Inch by inch, Pierce Hesser scraped paint off the old window frames of a small, one-story home on Kaufman Drive.
“We came to serve,” said Pierce, 15, as crews around him knocked out rotting siding and prepped for painting. “Jesus didn’t come to be served, but to serve.”
Pierce is a World Changers volunteer, part of a group of Southern Baptist teens who have volunteered to spend a week of their summer demonstrating God’s love through acts of service.
They have four days to transform 10 homes in Augusta. Most are in the Richmond Hill area, with half on or around Rhodes Drive.
Fleming Baptist Church plays host to the group of 159 teens from eight churches in five states: Georgia, North Carolina, Florida, Alabama and Mississippi.
Funding for the repairs comes from the city, which buys the supplies to revitalize substandard homes. The Augusta Housing and Development Association handles the applications. World Changers brings the labor.
“It really makes a difference to us, and it really makes a difference to the community,” City Administrator Fred Russell said to the group before crews left for their work sites Tuesday, the first day of the project.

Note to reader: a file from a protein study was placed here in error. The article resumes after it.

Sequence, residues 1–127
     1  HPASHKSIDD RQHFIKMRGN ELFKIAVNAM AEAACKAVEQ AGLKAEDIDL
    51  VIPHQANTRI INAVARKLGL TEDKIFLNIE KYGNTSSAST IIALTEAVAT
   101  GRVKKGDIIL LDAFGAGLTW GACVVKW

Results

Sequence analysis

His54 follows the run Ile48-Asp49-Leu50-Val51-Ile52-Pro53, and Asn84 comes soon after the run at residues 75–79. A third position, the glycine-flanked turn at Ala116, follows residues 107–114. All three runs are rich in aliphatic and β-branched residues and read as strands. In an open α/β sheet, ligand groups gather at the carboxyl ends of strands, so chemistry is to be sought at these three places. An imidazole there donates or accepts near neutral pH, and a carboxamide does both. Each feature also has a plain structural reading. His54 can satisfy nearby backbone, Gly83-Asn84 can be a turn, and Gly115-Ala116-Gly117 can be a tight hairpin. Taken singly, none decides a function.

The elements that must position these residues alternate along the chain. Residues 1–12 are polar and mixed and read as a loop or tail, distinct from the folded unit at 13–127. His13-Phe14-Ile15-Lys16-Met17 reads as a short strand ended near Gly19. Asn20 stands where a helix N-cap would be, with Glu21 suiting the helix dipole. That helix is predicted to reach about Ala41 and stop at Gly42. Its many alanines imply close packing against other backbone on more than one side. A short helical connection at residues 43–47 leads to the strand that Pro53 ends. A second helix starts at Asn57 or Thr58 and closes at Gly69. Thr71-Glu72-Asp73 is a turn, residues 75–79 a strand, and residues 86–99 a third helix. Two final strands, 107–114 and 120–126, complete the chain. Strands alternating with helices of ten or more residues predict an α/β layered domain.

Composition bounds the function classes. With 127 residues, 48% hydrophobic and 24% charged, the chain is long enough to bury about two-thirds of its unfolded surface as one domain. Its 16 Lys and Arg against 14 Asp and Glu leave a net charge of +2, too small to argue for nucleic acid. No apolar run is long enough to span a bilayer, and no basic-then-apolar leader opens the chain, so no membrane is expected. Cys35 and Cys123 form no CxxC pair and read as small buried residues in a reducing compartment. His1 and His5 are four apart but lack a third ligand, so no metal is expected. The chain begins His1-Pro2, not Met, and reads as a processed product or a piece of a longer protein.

This is World Changers’ 14th year in Augusta. In that time, it has painted, built wheelchair ramps and roofed countless homes, said Alyse Malavasi, a World Changers missions and communications specialist.
“The reason the kids are here is to share the love of Christ, not only through their words, but their actions,” Malavasi said. “There are a couple youth groups that return to Augusta every summer. Their churches are partnering with this city.”
Fourteen members of Pierce’s Port Charlotte, Fla., youth group drove 10 hours in a bus to get to Augusta on Monday.
It was his first year volunteering with World Changers. Diva Franco, also of Port Charlotte, returned for her second mission after serving in Brunswick, Ga., last summer.
“I just loved it,” the 18-year-old said. “Helping people, getting to know them as you work on the house. Last year, we got to know them really well. We had dinner with them. It’s about building those relationships.”
By the end of the week, both the houses and the kids are changed for the better, said Billie Maples, a longtime World Changers volunteer from North Trenholm Baptist Church in Columbia.
“It’s not painting and doing all this. It’s changing lives,” said Maples, 81. “We get them away from Mommy and Daddy. They don’t go back the same. Some of these small churches have to work all year just to make money to come here. I love it. I’ve seen kids grow and have children and their children have children. It’s very rewarding.”